Neo-Nazis hope to leverage Alex Jones controversies one year after Charlottesville violence

White nationalist activists are seeking to leverage a series of social media setbacks experienced by far-right conspiracy theorist Alex Jones by encouraging even more technology companies to ban Jones’ Infowars website in the hopes of radicalizing his dedicated fanbase.

In a post on his Daily Stormer website, neo-Nazi blogger Andrew Anglin wrote that Jones’ banning from Facebook, YouTube, and elsewhere could encourage Republican elected officials to create laws which would prevent private technology firms from cancelling the accounts of users, including racist groups.

Last August, Anglin’s publication was banned by many internet domain providers after a rally organized by white nationalists and other hate groups in Charlottesville, Va., descended into violence that eventually ended in the death of three people.

“If laws protecting free speech are enacted, we are all going to get amnesty on Twitter and Facebook, they will have to give me back my f—ing dotcom, everything good will happen,” Anglin wrote. “So we can all ride on the back of Alex Jones’ large, fat back.”

Several prominent conservatives have spoken out against web companies banning Jones — who has claimed the government caused the 9/11 attacks and promoted conspiracy numerous conspiracy theories about aliens, frogs, and artificial intelligence — including Texas Sen. Ted Cruz, Donald Trump Jr., and Fox News hosts Lou Dobbs and Tucker Carlson.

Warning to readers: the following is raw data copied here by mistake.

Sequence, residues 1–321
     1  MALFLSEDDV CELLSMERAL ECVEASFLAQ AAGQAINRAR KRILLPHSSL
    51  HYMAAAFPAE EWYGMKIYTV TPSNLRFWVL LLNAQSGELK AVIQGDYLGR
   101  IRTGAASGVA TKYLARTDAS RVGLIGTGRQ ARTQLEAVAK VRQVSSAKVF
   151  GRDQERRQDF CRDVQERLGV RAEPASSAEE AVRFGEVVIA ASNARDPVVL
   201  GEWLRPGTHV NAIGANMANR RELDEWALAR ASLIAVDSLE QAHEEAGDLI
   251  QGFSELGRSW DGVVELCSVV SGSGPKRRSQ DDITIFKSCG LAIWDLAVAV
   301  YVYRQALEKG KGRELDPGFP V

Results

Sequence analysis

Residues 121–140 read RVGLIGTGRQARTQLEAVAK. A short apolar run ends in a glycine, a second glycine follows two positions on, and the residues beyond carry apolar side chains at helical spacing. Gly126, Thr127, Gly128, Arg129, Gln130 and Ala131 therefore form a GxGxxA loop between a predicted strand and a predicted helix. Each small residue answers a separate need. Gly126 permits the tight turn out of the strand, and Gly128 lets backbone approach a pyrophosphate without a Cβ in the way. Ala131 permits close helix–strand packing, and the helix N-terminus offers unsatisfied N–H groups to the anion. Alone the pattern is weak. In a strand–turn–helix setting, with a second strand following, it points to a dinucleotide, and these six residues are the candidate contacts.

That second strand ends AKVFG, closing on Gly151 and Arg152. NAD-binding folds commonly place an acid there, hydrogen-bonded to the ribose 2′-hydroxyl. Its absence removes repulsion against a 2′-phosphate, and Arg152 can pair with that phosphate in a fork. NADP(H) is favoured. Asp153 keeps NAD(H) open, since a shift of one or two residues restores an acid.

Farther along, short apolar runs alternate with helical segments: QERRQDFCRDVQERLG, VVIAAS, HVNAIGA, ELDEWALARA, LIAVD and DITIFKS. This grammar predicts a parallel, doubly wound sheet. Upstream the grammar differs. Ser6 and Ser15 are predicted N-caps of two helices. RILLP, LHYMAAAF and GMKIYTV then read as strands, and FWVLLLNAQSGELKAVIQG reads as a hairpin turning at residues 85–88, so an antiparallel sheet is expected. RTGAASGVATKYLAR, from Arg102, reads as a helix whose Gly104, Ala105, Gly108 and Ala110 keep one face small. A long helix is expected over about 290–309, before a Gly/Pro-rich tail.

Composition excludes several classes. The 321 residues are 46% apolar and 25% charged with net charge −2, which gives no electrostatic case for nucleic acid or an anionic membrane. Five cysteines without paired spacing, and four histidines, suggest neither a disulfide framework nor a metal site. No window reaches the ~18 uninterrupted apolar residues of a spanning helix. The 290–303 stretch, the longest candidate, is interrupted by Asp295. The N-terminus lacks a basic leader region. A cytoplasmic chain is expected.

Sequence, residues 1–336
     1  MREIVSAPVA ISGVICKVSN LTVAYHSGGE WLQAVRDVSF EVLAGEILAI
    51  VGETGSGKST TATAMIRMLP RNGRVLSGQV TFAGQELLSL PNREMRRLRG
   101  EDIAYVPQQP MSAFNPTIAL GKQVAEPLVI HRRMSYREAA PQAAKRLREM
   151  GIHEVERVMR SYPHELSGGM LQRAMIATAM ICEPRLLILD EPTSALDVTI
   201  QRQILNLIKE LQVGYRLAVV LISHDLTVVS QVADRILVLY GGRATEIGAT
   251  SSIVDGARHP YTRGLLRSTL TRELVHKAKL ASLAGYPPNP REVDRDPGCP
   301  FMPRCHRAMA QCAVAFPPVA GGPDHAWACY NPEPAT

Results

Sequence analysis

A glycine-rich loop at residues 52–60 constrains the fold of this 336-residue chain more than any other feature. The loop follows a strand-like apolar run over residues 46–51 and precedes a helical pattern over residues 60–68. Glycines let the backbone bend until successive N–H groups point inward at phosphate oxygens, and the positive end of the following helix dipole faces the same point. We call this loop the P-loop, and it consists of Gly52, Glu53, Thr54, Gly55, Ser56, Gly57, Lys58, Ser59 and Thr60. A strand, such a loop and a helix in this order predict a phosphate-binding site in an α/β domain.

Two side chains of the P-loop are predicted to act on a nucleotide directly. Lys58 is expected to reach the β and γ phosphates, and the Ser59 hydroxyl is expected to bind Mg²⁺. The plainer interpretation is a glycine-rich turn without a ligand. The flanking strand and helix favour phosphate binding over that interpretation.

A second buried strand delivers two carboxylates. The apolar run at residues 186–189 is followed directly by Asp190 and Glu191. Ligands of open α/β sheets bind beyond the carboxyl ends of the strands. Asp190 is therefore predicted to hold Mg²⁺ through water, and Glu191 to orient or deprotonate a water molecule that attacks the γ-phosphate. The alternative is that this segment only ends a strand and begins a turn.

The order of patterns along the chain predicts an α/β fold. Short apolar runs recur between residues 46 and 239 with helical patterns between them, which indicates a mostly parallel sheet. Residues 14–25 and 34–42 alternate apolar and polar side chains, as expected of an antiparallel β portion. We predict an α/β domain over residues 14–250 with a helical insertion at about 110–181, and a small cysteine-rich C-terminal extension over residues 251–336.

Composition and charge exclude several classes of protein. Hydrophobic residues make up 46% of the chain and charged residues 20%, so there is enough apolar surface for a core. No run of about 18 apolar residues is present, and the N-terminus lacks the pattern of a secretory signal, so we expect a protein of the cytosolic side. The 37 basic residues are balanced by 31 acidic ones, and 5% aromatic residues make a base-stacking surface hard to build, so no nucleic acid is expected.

In an earlier post on the Daily Stormer, a blogger identified as “Luis Castillo” urged readers to report Jones’ accounts on other web services like Twitter and in the hopes of isolating the prominent Trump supporter even further.

“He’s one Twitter purge, domain seizure, and credit card service denial away from growing-up into a real man,” the blogger wrote, accompanying his article with an altered photo of Jones appearing to give a Nazi salute.

On his Infowars site and radio program, Jones has repeatedly attacked neo-Nazis and white nationalists even as he has attracted many fans who self-identify with the so-called “alt-right.” Anglin has written that his journey into far-right politics began with watching Jones’ programming.

In a Thursday interview with Hill.TV, Jared Holt, a researcher with the progressive group People for the American Way, said that many of Jones’ followers had sent him death threats and pictures of a Nazi concentration camp after his writing led to Jones being banned on Spotify, the first web service which cancelled the conspiracy pundit’s account.

Sunday marks the one-year anniversary of the Charlottesville rally. Jason Kessler, the white nationalist who organized the original gathering, is hoping to reconvene in Washington on the same date, even as he is now regarded as a “pariah” on the far right after last year’s debacle, according to an SPLC report.

—Matthew Sheffield

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